By stacking nanoscale layers of silver and silicon nitride, scientists have fabricated a metamaterial that gives visible light a nearly infinite wavelength.
Researchers from the FOM Institute AMOLF and the University of Pennsylvania have fabricated a material which gives visible light a nearly infinite wavelength. The new metamaterial is made by stacking silver and silicon nitride nanolayers. It may find applications in novel optical components or circuits and the design of more efficient LEDs. The work was published on October 13 in Nature Photonics.
The phase velocity and group velocity of light dictate how light propagates in a material. The phase velocity determines how the peaks and valleys of the wave move in the material, whereas the group velocity describes the transport of energy. According to Einstein’s laws, the transport of energy of light can never be faster than the speed of light. Therefore the group velocity is limited. There are however no physical limitations to the phase velocity. When the phase velocity becomes zero, there is no movement of the peaks and valleys of the wave; when it is infinite the wavelength diverges to very large values. In nature however, no materials with such special properties exist.
The research team now presents a metamaterial composed of a unit cell structure much smaller than the wavelength of light. By stacking nanoscale layers of silver and silicon nitride a new material is fabricated in which light ‘feels’ the optical properties of both layers.
The way light travels through matter is dependent on the material permittivity: the resistance of a material against the electric fields of light waves. Because the permittivity of silver is negative and that of silicon nitride is positive, the combined material has a permittivity which is effectively equal to zero. Therefore, it seems that the light experiences zero resistance, and propagates with an infinite phase velocity. The wavelength of the light is nearly infinite.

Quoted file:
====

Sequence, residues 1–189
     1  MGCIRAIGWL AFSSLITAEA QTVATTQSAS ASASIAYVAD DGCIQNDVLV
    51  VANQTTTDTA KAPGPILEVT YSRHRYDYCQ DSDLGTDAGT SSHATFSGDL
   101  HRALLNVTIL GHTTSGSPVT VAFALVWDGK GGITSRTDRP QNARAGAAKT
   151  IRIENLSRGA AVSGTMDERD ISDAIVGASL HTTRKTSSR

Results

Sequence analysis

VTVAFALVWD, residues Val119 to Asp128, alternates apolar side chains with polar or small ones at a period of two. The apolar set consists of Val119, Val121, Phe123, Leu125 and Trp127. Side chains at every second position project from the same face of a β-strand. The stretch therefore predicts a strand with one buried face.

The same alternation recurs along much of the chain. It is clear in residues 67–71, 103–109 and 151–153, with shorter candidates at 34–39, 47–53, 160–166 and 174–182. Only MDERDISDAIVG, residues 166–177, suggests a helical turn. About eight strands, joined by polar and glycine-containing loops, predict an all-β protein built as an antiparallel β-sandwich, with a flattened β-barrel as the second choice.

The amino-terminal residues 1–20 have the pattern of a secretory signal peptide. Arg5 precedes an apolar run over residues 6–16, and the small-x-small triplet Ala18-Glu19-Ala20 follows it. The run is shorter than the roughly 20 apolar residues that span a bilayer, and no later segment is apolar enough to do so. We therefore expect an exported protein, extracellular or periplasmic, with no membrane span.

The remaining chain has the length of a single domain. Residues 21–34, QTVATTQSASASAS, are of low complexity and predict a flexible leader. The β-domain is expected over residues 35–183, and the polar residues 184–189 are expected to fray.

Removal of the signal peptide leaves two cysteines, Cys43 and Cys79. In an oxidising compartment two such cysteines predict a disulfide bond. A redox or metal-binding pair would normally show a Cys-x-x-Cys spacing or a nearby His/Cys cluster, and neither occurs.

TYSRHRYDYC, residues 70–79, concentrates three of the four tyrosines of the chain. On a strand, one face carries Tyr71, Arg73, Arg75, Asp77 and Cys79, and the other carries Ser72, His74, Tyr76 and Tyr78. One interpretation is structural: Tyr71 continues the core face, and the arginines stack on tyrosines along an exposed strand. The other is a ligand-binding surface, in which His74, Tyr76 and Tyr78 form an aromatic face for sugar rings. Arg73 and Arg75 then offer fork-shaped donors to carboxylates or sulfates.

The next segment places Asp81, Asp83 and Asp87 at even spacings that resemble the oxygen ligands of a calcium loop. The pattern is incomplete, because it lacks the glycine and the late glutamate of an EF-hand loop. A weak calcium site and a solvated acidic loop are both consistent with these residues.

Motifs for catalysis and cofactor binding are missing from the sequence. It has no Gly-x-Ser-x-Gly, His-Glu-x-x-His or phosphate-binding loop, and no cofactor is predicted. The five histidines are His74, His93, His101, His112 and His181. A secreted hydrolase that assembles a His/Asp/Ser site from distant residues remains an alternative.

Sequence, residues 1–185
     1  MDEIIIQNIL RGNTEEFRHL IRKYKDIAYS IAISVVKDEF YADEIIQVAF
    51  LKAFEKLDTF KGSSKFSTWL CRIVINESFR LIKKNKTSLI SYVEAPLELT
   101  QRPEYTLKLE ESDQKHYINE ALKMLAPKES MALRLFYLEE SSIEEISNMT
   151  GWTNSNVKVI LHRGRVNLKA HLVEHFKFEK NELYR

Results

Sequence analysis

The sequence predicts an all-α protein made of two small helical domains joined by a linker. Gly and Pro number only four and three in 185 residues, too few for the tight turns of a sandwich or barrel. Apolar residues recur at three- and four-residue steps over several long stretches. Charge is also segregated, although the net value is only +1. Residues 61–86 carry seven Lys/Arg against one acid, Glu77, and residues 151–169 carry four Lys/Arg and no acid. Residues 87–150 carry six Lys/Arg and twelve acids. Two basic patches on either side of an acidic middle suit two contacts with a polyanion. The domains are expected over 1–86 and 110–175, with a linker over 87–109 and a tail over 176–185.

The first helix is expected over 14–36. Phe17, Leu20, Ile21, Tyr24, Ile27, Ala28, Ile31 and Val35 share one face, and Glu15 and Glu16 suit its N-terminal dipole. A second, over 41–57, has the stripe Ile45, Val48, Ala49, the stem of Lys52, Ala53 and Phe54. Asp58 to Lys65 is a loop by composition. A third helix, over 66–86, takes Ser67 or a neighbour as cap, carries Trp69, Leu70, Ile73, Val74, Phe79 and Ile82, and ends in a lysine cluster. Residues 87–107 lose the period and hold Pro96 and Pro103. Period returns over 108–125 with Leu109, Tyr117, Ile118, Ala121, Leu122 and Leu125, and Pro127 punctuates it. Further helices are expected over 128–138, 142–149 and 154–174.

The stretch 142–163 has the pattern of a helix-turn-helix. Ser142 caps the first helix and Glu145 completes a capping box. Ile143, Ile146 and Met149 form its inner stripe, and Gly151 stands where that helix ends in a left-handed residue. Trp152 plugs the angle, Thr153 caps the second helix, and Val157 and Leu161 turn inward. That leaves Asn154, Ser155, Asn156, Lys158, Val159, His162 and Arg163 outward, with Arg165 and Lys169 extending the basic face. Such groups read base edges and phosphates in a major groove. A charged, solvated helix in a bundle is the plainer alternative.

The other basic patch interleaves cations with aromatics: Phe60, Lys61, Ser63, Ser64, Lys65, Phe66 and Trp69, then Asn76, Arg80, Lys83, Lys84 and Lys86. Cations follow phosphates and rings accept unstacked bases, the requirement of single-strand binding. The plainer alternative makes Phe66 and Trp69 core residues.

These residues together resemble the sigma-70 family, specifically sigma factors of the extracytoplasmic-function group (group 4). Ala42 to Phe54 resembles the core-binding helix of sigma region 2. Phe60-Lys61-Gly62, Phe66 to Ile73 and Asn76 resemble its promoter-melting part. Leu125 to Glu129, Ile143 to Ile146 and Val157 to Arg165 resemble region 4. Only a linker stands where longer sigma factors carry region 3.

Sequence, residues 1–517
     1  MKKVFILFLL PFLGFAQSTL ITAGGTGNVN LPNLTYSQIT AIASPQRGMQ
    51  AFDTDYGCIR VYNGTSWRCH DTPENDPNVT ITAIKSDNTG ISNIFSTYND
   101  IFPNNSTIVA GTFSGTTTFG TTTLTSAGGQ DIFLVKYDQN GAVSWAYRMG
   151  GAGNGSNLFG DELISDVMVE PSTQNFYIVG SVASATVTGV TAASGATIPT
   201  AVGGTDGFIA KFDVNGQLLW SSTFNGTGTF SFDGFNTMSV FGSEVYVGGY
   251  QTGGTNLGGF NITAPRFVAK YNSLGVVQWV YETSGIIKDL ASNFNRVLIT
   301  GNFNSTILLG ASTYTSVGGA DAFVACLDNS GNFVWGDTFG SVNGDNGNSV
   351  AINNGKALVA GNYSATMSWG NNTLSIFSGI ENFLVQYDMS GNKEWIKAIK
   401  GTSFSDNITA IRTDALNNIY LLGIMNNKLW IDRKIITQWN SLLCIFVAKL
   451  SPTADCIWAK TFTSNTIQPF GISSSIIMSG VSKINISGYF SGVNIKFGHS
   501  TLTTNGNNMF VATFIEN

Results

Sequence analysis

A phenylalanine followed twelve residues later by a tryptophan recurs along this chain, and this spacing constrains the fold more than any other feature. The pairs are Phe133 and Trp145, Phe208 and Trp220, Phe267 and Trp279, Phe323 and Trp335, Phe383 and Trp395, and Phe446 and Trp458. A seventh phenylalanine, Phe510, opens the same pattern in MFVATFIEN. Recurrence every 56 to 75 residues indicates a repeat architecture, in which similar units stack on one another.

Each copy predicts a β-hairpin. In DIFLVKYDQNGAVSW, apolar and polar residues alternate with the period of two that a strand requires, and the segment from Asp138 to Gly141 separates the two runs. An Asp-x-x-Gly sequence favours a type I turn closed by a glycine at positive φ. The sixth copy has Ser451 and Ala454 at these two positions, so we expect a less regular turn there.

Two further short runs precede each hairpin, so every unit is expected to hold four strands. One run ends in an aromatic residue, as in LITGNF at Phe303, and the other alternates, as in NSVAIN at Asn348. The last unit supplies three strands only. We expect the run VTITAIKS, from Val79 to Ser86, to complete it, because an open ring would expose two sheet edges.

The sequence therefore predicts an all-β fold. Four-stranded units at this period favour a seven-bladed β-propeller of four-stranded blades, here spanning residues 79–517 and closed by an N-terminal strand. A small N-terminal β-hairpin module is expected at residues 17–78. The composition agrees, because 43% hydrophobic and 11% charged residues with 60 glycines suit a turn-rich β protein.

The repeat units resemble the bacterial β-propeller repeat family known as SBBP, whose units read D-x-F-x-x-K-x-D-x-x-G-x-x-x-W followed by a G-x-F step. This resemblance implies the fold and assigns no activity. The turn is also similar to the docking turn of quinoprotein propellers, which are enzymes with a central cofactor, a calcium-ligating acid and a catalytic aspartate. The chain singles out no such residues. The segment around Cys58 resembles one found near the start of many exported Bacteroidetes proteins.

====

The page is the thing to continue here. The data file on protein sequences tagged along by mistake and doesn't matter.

The researchers fabricated this material using focused ion beam milling, a technique that allows control over the structure of a material on the nanoscale. With a specially built interferometer it was shown that light indeed propagates through the metamaterial with no significant change of phase, corresponding to an almost infinite wavelength. This new material may find applications in novel optical components or circuits and the design of more efficient LEDs.
Publication: Ruben Maas, et al., “Experimental realization of an epsilon-near-zero metamaterial at visible wavelengths,” Nature Photonics, 2013; doi:10.1038/nphoton.2013.256
Images: Foundation for Fundamental Research on Matter
Wow. This is just nuts.
*cringes* “nearly infinite” is not quantifiable and is actually quite relative in notion. Our ability to measure “infinite looking” stuff is essential for comparison. In the 80s the thought of a terabyte of data would seem quite infinite to most and by todays standards is very finite.
It’d be better to hear stated precisely how much this “almost no phase advance” actually is. More important, how does it compare against our existing capacities? What magnitude of precision have we improved our ability to create and read waves with less phase advance?